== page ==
Map 18. Distribution of the genera Tetraponera (crossed area) and Viticicola (known localities indicated by crosses).

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Wheeler, W. M., 1922, The ants collected by the American Museum Congo Expedition., Bulletin of the American Museum of Natural History, pp. 39-269, vol. 45
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Wheeler, W. M.
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Diagnostic Description
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Ареал охватывает континентальную часть Юго-Восточной Азии и Зондские о-ва. Для Вьетнама указан В.А. Караваевым (Karawajew, 1935): Лье Чеу, окр. Тоурана, Центр. Аннам. В нашем распоряжении име- ется материал из следующих точек Вьетнама: 30 км С Хошимина, долина р.Рай (По- каржевский); о.Че близ Нячанга; бухта Ванфонг, о.Мизянг (Курзенко); Дак-линь, 25 км Ю Ю З Буон-Ма-Туот (Медведев); 50 км С Ан-Кхе; ст. Ханьин (Янушев); арх. Байтылонг, о-ва Кебао и Донгкхо; о-ва Б айкань и Кондао (Радченко), а также из Ю ж -

ного Китая: Юньнань, 30 км ЮВ Чэли; Юньнань, окр. Фохая (Панфи- лов); Гуандун, Вэнцюань (Родендорф).

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Dlussky, G. M., 1990, [The ants (Hymenoptera, Formicidae) of Vietnam. Subfamily Pseudomyrmicinae. Subfamily Myrmicinae (tribes Calyptomyrmecini, Meranoplini, Cataulacini).], [News of faunistics and systematics.], pp. 119-125
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Diagnostic Description
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и Юго-Восточной Азии, включая Зонд- ские о-ва. Для Вьетнама приводит- ся впервые: Ханьин (Янушев); Дак- Линь, 35 км Ю Ю З Буон-Матуот (Мед- ведев); о-ва Намзу, о.Зян; о.Дау (Курзенко); Аннам, Сонг Динь (Пли- гинский); о-ва Б айкань и Кондао; о.Тхом (Сиамский залив) (Радченко). На север доходит до Китая (Юньнань, окр. Фохая, Панфилов).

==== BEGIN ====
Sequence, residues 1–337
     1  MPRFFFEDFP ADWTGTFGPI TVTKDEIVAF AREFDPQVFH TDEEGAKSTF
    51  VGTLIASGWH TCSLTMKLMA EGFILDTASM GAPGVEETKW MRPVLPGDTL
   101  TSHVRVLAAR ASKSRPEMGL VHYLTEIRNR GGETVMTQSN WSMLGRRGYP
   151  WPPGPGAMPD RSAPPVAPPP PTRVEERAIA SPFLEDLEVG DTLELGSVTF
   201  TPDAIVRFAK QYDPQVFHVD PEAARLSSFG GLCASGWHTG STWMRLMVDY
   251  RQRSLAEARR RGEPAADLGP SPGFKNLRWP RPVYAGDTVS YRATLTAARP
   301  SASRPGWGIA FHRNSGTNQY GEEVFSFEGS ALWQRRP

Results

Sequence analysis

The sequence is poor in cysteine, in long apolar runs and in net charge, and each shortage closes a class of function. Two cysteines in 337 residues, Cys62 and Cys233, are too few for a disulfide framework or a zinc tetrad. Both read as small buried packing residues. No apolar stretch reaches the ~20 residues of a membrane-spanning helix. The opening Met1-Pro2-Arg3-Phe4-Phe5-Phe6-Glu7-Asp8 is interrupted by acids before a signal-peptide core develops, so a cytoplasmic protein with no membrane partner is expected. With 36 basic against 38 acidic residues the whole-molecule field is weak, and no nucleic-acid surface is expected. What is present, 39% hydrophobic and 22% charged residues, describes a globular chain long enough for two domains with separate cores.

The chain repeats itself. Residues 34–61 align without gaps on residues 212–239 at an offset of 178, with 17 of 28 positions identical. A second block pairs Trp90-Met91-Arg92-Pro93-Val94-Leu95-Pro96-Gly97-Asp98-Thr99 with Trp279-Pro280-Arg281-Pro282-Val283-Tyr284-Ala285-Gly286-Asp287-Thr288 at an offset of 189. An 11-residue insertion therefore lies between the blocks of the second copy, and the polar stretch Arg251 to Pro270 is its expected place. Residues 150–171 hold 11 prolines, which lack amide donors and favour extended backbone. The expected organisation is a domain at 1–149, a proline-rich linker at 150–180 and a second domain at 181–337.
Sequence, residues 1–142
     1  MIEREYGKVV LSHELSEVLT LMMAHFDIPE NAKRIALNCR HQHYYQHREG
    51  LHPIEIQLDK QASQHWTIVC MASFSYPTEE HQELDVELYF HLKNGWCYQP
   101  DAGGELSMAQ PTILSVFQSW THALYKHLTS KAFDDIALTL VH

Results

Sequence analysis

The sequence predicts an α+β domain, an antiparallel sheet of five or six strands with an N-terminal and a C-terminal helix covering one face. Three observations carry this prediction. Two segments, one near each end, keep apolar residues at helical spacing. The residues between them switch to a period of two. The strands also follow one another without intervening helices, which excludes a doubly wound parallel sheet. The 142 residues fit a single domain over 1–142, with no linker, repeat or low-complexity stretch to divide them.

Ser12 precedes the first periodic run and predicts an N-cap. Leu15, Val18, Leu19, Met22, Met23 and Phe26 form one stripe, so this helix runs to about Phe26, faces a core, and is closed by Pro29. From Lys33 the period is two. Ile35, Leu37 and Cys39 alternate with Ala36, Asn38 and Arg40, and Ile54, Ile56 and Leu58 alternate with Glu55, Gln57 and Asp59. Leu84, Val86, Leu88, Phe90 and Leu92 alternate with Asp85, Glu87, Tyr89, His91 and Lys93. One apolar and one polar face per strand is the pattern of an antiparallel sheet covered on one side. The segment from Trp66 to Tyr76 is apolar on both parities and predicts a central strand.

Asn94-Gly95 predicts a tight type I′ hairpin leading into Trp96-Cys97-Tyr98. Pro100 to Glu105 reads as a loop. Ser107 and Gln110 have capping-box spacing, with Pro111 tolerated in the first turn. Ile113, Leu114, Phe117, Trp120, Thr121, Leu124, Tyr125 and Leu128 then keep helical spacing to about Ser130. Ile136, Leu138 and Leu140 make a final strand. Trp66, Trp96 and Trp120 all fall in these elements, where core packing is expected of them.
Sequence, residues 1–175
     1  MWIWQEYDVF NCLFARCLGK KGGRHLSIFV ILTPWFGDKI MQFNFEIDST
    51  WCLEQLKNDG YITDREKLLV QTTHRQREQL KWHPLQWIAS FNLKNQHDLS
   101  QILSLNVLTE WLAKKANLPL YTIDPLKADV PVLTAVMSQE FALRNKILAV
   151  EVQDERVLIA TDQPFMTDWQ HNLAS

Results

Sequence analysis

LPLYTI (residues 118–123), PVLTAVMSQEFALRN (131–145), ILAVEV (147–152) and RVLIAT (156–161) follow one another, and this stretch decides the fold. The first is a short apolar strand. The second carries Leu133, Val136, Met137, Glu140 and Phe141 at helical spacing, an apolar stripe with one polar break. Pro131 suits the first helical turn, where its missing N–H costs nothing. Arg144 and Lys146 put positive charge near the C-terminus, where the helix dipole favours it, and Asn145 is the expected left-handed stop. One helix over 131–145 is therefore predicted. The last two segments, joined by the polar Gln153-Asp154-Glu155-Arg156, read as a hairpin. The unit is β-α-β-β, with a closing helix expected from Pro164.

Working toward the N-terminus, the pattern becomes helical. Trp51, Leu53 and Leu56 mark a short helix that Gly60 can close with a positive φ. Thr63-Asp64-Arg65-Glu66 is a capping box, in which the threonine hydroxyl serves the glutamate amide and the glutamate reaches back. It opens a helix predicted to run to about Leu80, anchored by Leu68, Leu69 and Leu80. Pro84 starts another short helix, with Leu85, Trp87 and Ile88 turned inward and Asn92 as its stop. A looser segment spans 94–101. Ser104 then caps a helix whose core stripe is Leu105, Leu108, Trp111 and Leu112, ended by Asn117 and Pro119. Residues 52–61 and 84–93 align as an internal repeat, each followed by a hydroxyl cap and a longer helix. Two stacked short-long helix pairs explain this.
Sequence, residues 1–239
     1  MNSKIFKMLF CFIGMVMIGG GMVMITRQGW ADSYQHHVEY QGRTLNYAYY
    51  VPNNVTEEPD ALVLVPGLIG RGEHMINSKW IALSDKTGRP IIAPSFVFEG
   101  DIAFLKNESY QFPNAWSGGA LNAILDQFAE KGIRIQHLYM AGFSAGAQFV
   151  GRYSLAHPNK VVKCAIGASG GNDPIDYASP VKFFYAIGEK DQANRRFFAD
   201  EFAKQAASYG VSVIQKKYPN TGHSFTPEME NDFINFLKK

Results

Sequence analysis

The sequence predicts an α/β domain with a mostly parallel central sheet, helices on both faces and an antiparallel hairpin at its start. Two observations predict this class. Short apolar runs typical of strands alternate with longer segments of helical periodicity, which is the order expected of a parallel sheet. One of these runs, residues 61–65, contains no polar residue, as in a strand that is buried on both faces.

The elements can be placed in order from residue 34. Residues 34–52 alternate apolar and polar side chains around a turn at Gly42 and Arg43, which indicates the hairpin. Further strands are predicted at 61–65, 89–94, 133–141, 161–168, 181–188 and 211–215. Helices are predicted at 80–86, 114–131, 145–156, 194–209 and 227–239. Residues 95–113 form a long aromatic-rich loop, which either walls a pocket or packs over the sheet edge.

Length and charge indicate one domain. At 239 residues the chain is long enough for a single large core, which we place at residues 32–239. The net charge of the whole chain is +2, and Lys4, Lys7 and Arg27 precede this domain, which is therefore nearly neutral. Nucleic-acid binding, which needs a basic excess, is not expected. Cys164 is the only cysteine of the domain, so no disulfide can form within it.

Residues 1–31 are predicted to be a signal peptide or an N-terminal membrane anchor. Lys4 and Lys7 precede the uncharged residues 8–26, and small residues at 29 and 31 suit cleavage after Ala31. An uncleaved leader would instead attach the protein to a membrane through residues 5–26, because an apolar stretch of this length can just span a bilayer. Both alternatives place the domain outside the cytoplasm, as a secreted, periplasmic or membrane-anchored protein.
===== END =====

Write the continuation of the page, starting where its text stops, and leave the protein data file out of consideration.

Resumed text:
В коллекции В.А.Караваева имеются экземпляры из Кампучии (пров. Кампот, побережье Сиамского залива), определенные им как Sima

allaborans var. sumatrensis Em. Од- нако они практически не отличают- ся от T.allaborans из Вьетнама. Впол- не вероятно, что название var. sumatrensis Emery, 1900 является синонимом Т. allaborans Walker, 1859, но для окончательного сужде- ния у нас недостаточно данных.

P и с. 2. Д е т а л и строения муравьев из родов May- ridia, Calyptomyrmex , Meranoplus , Cataulacus :

1,7 - голова спереди; 2, S, 10 - тело в профиль; 3, 9 - грудь и стебелек сверху; 4,5- проподеум и стебелек в профиль; 6 - проподеум и стебелек с в е р - ху (4 - по Baroni-Urbani, 5,6- по Wheeler, о с т а л ь - ные - ориг.). 1-3 - Mayriella granulata sp. n.; 4 - M. transfuga Вar.-Urb.; 5, 6 - M.spinosior W h 1.; 7, 8 - Calyptomyrmex rectopilosus sp. n.; 9 - Meranoplus bicolor Guer; 10 - Cataulacus simoni Em.

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Dlussky, G. M., 1990, [The ants (Hymenoptera, Formicidae) of Vietnam. Subfamily Pseudomyrmicinae. Subfamily Myrmicinae (tribes Calyptomyrmecini, Meranoplini, Cataulacini).], [News of faunistics and systematics.], pp. 119-125
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Diagnostic Description
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Simaallaborans var . longinoda Forel, 1909: 395, рабочие; Emery, 1921: 25.